The pound occupies a small lot measuring 120 feet by 130 feet in the geographical center of the town. The balance of the parcel supports a young growth of mixed hardwood and conifers.

The pound was built in 1823 by the Town of Farmington to replace an earlier wooden structure that was built in 1802.  It is one of a few well-preserved pounds in southeastern New Hampshire. It remained in use until late in the 19th century.  It was sold to a private owner in 1918. Eventually, it was given back to the town, and is now maintained by our historical society.

Learn More

Farmington Town Pound on Wikipedia
http://en.wikipedia.org/wiki/Farmington_Town_Pound

Strafford County Listing of Historic Places on National Register of Historic Places
http://www.nationalregisterofhistoricplaces.com/nh/Strafford/state.html

Town Pound Registration Form on National Register of Historic Places
http://pdfhost.focus.nps.gov/docs/NRHP/Text/93000884.pdf

Souvenir of Farmington New Hampshire 1904 Booklet on Scribd

Town Pound as it appears in satellite photos from Google Earth.  Look for the Farmington Town Pound pin on Google Earth.  http://www.google.com/earth/

27 July 2014

Interesting Article About an Excavation in Portsmouth

"Bath discovery rekindles interest in Portsmouth's Jewish history"
by 
Laurenne Ramsdell
Foster's Daily Democrat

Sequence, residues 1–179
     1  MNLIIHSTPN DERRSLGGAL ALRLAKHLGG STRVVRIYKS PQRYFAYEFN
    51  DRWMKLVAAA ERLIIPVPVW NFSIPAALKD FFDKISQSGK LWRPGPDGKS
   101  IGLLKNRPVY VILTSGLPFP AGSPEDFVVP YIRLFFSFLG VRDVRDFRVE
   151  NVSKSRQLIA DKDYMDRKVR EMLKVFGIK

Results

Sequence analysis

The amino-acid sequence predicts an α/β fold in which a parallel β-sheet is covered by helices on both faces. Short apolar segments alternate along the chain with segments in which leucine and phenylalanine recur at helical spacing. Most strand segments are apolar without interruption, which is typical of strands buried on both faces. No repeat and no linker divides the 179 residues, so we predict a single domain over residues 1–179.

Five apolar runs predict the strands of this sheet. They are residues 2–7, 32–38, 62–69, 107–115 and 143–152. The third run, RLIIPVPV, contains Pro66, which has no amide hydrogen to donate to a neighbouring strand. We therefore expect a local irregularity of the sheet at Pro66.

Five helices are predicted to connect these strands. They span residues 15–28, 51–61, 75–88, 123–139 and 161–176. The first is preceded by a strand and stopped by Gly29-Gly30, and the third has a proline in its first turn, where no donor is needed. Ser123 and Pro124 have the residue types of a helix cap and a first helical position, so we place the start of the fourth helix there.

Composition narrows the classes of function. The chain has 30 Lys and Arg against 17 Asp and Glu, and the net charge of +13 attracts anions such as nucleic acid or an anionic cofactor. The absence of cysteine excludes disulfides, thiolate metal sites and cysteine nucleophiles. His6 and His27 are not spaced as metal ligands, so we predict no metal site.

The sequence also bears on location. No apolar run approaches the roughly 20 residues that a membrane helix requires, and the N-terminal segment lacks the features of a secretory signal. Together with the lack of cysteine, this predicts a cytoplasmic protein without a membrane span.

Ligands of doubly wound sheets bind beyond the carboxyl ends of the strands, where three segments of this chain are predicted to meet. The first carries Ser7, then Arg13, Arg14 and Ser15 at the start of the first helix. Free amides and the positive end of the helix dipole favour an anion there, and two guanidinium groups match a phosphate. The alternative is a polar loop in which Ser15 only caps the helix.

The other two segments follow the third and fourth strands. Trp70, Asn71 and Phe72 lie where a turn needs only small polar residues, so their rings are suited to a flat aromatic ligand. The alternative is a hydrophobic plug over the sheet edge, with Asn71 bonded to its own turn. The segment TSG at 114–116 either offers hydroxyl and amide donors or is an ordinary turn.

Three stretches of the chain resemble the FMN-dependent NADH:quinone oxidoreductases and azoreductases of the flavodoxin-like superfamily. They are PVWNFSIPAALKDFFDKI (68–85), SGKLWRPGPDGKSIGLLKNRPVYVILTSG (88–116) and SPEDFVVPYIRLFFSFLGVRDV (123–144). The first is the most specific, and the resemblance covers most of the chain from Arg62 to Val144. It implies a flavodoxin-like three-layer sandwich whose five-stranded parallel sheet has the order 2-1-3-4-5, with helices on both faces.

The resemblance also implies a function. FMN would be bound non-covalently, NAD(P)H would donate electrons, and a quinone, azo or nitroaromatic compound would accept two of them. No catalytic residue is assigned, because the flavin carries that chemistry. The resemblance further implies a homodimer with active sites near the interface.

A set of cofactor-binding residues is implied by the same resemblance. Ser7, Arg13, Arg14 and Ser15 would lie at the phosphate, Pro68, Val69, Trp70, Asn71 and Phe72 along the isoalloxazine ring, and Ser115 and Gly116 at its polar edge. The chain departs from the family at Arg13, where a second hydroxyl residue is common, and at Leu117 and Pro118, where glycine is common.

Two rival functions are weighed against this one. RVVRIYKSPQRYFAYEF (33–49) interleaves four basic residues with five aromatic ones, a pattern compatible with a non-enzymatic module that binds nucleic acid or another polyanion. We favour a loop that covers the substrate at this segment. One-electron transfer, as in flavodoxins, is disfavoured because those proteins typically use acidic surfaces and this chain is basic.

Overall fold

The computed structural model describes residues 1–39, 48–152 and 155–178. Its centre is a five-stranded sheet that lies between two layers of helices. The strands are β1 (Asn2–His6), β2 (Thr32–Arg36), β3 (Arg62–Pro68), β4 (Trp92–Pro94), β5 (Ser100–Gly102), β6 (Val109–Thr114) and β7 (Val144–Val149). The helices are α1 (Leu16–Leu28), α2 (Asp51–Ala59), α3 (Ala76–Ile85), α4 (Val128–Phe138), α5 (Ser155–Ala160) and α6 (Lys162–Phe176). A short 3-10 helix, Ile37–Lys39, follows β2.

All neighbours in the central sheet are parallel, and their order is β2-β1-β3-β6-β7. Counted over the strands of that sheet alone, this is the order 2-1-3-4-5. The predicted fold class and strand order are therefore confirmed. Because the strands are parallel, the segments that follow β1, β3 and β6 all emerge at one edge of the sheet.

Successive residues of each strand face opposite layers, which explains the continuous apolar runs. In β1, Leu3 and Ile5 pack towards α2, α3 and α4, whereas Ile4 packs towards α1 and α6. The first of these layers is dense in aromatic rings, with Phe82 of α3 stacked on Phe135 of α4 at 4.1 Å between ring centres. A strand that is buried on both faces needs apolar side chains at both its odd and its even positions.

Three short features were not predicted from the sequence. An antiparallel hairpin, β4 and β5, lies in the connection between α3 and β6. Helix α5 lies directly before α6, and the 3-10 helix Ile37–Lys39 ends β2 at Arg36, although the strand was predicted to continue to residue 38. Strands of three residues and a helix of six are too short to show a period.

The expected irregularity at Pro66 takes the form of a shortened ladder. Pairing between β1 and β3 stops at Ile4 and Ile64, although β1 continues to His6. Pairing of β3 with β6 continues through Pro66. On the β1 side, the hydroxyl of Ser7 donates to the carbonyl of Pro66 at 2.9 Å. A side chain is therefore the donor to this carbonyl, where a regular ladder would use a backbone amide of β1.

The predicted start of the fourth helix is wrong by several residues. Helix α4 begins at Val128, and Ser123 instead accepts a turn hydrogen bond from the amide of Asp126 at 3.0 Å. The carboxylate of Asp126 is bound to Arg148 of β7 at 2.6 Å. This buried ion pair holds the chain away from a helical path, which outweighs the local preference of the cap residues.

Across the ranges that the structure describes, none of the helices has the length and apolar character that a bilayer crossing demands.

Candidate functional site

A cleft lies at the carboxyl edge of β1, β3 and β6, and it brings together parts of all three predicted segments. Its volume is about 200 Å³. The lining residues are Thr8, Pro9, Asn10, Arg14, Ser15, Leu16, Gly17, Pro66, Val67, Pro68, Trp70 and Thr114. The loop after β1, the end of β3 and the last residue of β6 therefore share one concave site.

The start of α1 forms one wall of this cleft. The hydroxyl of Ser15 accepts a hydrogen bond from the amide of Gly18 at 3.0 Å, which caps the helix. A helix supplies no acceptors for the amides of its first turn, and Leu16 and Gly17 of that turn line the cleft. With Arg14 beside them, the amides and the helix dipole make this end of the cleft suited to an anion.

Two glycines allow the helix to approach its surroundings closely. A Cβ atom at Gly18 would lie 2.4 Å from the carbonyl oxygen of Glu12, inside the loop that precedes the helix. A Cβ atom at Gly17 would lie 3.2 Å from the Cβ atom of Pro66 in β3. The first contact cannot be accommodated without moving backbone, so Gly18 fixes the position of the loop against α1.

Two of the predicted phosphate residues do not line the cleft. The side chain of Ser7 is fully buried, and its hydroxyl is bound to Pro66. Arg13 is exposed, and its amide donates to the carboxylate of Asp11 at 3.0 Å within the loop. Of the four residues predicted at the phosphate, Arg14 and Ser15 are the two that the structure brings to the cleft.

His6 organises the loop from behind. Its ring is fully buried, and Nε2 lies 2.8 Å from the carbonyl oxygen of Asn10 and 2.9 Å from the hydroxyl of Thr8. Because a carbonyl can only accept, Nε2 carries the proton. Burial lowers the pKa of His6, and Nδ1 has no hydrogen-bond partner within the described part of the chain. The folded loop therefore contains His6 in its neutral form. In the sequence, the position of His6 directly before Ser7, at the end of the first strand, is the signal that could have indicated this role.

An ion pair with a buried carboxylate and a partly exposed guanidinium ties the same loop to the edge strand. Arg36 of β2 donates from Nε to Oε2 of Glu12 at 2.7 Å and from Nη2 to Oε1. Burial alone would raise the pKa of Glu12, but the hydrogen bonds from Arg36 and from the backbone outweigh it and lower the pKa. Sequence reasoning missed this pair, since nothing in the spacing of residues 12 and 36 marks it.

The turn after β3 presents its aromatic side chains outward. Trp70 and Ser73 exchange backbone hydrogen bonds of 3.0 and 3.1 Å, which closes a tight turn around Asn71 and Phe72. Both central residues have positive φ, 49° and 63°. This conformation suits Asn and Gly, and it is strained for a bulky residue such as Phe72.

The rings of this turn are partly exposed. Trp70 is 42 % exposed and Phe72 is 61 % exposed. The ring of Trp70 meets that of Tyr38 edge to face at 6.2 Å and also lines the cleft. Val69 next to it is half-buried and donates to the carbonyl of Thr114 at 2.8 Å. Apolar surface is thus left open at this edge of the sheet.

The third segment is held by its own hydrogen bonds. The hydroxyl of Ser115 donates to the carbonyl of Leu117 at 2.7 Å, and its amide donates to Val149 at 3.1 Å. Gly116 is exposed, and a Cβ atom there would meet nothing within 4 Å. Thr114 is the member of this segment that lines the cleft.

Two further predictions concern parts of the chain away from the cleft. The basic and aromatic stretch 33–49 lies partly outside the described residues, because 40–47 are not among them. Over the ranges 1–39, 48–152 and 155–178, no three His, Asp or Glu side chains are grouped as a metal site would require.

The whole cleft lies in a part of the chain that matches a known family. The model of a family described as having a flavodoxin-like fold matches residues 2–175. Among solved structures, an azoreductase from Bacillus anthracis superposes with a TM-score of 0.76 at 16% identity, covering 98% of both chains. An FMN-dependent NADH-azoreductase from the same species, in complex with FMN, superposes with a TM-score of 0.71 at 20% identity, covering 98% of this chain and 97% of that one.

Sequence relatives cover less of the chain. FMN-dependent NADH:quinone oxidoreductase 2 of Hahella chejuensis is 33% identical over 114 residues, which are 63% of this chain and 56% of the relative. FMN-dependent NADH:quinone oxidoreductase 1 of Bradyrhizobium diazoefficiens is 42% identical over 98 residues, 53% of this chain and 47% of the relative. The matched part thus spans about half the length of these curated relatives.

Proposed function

Pictured here is a Jewish ritual bath, also known as a mikvah, 
which was recently discovered in Portsmouth at Strawbery 
Banke.  (Ryan McBride/Staff photographer,
Foster's Daily Democrat)
PORTSMOUTH — A recent discovery within the grounds of Strawbery Banke has offered new insight into the Seacoast's rich history of Jewish culture.

A century-old mikvah — a ritual immersion bath — was unearthed by the museum's archaeological staff after a former resident shared his memory of the structure. As there is no written record of this particular mikvah's existence, the discovery will allow local historians an opportunity to more accurately detail the history of Jewish culture in Portsmouth.

While starting a vegetable garden on the site of what once held the Pecunies homestead, Ronald Pecunies casually mentioned his memory of a mikvah located in the basement of his family's former home. Rather than using it for its original purpose of ritual cleansing, Pecunies noted that his family, which owned the home from the late 1930s to the 1960s, used the structure to brine fish.

The mention of the mikvah greatly intrigued former museum archaeologist Sheila Charles, who soon kick-started an effort to uncover this piece of history.

Learn More
Read the entire story in Foster's Daily Democrat at http://www.fosters.com/apps/pbcs.dll/article?AID=/20140727/GJNEWS_01/140729507